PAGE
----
Pickett told the district judge that he had approached four
lawyers without success, but he did not say why they declined
to represent him. Was it his unwillingness or inability to
pay a retainer? Unwillingness and inability have different
implications for the propriety of judicial aid. Was it that
the four lawyers lacked the time to take new clients, given
other commitments? Was it that the lawyers he approached were
unfamiliar with age-discrimination law? Specialization in the
bar contributes to good legal representation, and someone
seeking to litigate an age-discrimination case needs to
consult lawyers who practice this specialty-of which Chicago
has many. Was it perhaps that they deemed Pickett's claim
too weak to justify litigation? If lawyers misunderstood
Pickett's contentions because he is inarticulate, then a
judge might have a useful role to play in recruiting counsel,
but if Pickett conveyed his situation well and counsel deemed
the claim feeble, then it would be inappropriate for a court
to intervene. Why should a judge ask lawyers to devote less
of their time to people with strong cases and more to people
with weak ones? That would injure other litigants.
judge might have observed that Pickett filed his motion so
early in the case that it was impossible to tell whether he
could represent himself adequately. A litigant's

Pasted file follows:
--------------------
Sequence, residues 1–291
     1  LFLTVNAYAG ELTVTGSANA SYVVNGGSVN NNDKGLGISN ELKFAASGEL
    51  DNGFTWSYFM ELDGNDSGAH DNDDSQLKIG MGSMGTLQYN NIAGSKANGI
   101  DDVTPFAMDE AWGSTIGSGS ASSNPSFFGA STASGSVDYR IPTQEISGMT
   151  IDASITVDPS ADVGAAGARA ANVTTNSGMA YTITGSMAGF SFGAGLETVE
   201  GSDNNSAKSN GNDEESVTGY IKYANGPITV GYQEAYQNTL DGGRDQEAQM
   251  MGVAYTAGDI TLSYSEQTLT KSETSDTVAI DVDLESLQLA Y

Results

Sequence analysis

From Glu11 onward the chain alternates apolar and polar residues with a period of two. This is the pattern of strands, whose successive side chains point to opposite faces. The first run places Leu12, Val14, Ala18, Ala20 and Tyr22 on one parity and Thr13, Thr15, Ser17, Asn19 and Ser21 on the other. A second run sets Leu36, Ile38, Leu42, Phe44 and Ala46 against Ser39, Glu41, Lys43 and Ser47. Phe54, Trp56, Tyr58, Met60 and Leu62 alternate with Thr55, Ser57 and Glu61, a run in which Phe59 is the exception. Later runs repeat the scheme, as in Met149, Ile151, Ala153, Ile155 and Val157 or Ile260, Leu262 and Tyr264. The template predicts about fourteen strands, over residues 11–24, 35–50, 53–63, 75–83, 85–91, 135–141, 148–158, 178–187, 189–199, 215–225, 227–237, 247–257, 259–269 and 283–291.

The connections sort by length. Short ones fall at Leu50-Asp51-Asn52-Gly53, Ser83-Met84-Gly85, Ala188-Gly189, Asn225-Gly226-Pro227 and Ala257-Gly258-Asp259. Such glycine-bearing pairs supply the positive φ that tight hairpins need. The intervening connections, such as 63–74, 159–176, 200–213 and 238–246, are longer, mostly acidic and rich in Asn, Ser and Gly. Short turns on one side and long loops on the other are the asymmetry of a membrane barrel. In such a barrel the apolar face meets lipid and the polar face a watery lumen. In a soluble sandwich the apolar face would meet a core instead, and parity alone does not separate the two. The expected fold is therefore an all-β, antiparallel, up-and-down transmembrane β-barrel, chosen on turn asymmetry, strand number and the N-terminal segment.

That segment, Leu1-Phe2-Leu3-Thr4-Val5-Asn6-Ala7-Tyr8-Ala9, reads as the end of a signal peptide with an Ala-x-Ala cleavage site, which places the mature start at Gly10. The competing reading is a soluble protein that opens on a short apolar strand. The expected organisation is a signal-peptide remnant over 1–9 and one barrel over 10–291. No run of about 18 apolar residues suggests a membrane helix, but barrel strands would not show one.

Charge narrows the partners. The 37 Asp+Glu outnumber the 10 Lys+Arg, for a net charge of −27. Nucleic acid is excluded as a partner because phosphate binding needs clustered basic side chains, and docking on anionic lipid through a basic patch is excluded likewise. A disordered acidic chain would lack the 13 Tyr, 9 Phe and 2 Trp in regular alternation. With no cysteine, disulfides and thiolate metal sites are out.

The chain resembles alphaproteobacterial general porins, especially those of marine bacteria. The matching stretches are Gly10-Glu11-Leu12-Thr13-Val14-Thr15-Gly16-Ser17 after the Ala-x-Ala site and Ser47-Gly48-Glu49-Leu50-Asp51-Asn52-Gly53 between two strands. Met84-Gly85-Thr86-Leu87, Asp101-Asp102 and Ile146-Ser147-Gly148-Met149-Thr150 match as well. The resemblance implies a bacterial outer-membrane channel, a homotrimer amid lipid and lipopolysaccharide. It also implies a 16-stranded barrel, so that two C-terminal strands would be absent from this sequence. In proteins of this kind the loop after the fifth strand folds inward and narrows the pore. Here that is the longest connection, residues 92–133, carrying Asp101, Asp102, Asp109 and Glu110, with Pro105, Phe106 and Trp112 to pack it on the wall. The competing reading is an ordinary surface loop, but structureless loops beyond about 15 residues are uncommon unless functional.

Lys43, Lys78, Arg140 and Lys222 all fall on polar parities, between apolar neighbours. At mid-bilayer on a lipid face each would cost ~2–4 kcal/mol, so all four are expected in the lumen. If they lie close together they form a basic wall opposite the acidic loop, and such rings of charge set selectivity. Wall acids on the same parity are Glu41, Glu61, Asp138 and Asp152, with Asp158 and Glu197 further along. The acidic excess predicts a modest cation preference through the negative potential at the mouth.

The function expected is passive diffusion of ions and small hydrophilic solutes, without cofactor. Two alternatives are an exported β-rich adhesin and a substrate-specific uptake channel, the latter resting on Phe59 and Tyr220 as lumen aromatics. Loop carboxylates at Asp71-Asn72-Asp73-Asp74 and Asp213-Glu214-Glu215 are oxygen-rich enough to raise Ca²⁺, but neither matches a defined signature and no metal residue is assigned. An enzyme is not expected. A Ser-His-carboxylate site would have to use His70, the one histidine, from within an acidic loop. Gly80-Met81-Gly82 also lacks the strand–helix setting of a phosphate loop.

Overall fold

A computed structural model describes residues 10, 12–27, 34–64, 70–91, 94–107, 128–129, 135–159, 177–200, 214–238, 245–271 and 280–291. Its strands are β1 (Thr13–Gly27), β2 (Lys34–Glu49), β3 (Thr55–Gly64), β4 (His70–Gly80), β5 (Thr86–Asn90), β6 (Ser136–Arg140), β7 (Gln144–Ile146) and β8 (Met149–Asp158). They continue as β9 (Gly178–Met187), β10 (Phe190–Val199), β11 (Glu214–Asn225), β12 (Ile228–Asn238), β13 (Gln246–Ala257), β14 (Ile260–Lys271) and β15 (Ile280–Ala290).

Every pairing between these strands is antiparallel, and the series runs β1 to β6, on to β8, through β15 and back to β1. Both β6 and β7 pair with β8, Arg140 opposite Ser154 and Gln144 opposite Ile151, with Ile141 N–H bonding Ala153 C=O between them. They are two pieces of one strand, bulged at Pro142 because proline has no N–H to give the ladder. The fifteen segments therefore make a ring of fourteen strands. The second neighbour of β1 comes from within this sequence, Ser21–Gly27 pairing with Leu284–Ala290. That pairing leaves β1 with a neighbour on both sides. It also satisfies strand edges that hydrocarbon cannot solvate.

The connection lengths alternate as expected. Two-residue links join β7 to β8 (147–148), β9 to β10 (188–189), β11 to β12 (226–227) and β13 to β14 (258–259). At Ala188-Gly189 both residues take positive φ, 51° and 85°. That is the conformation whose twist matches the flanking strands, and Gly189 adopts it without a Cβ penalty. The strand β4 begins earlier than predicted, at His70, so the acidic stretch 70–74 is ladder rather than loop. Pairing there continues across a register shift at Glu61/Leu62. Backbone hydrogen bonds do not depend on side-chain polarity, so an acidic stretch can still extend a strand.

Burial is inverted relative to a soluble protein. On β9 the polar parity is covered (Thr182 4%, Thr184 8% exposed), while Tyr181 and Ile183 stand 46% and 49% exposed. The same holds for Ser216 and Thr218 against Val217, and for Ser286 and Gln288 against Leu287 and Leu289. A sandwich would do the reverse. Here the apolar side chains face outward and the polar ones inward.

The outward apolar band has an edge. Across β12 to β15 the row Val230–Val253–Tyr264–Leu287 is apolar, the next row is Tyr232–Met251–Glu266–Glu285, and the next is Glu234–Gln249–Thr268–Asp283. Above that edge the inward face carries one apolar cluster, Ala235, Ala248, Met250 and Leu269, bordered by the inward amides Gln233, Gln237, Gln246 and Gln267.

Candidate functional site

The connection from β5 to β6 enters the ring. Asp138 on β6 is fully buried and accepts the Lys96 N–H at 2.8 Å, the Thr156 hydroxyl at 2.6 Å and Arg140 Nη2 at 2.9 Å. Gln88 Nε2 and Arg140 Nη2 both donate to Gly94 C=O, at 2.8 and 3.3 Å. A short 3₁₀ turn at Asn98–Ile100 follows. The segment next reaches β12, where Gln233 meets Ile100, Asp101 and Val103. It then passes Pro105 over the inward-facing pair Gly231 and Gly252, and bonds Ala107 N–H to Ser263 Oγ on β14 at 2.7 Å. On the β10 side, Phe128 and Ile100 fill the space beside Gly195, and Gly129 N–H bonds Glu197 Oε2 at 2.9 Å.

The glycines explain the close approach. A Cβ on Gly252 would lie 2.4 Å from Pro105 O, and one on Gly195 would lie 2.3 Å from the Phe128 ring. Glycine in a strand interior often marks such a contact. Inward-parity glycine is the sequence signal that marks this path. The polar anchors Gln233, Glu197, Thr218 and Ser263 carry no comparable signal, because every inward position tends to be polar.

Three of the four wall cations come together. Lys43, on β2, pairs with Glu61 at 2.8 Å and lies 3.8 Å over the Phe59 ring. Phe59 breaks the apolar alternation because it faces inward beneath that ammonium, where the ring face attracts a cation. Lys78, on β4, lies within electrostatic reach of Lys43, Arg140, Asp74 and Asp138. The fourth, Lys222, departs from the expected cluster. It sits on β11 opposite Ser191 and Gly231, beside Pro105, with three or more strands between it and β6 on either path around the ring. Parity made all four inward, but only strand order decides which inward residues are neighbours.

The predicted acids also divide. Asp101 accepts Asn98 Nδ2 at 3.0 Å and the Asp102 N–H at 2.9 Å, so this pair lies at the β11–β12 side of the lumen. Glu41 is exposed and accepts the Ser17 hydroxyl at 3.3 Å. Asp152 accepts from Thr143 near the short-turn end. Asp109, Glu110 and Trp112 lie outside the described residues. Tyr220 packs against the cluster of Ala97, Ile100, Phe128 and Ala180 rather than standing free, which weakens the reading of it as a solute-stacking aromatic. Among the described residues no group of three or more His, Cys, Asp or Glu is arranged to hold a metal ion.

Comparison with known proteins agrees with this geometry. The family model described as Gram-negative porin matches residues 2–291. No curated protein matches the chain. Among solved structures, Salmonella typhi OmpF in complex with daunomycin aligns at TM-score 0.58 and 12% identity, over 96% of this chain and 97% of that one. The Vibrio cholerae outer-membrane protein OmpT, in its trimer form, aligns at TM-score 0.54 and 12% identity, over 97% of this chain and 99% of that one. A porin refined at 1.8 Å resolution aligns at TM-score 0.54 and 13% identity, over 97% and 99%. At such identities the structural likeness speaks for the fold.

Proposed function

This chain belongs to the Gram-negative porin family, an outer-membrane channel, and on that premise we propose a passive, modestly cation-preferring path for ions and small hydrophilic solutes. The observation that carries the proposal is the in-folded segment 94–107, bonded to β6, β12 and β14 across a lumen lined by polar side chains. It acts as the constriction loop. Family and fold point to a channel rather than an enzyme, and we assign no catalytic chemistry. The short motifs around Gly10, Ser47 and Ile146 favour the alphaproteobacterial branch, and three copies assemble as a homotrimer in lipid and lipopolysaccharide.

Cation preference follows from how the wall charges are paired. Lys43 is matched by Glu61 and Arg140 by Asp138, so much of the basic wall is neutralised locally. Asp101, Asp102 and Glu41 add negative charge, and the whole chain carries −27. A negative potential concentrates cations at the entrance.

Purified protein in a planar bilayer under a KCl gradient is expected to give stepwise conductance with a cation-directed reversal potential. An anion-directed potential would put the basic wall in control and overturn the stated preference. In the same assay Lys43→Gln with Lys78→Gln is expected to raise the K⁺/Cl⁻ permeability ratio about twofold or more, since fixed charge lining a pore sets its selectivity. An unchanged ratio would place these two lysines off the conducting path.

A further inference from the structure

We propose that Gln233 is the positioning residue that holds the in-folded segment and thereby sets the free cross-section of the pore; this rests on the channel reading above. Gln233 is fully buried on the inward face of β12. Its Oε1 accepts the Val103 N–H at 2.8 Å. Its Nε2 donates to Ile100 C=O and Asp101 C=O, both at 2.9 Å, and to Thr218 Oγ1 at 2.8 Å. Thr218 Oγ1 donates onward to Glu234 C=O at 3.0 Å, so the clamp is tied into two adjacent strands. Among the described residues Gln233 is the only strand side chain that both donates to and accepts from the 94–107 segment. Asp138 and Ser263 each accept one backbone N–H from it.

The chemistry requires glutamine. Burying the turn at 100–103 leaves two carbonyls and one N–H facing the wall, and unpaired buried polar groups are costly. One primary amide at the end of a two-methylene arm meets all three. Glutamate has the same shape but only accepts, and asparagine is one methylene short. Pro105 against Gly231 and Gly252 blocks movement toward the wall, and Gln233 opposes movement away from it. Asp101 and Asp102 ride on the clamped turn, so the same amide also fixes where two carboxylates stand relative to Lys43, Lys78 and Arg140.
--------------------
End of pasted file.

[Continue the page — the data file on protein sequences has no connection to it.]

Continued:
competence to present his claim without a lawyer's aid is
another of the considerations that matter under
Pruitt. See 503 F.3d at 654. Perhaps this is what
the judge meant when he said that he would not help Pickett
"at this time." Pickett did not file a second
motion for judicial assistance in obtaining counsel.
the judge might have thought it significant that the Age
Discrimination in Employment Act has a fee-shifting clause.
29 U.S.C. §626(b), incorporating 29 U.S.C. §216(b).
Attorneys who represent successful plaintiffs can anticipate
full compensation from the employer, whether or not the
client can afford to pay. Pruitt concerned a
prisoner's suit under 42 U.S.C. §1983, and although
42 U.S.C. §1988 provides for fee-shifting in §1983
suits, the fees that can be awarded in prisoner litigation
are limited by 42 U.S.C. §1997e(d). See Johnson v.
Daley, 339 F.3d 582 (7th Cir. 2003) (en banc). Because
of that cap, we did not consider in Pruitt how
statutes that provide for a prevailing plaintiff to collect a
fully compensatory fee affect the circumstances under which
judges should try to recruit lawyers for indigent plaintiffs.
Nor need we consider the subject here, given the other
considerations already mentioned. But it deserves attention
in cases where it may make a difference.
district judge should have said one or more of these things.
Denying the motion without explanation was an error, but a
harmless error. See Pennewell v. Parish, 923 F.3d
486, 490-92 (7th Cir. 2019). It is enough for us to say that,
even with the assistance of counsel on appeal, Pickett has
not shown how a lawyer could have helped him overcome his
biggest obstacle: he never took the steps that the CTA told
him were essential. The CTA told Pickett to fill out a form
and report to Leave Management Services for a drug test and
other evaluation. He did not do so. Even after being removed
from the position to which he had been assigned while a
supervisor checked on his eligibility, Pickett failed to
follow these instructions for more than a year.
that the younger workers Pickett saw in light-duty positions
had been allowed to bypass those administrative steps would
support an age-discrimination claim. But Pickett has not
alleged this. This means that he does not have any route to
success, for he could not show that his age caused an adverse
effect. The absence ...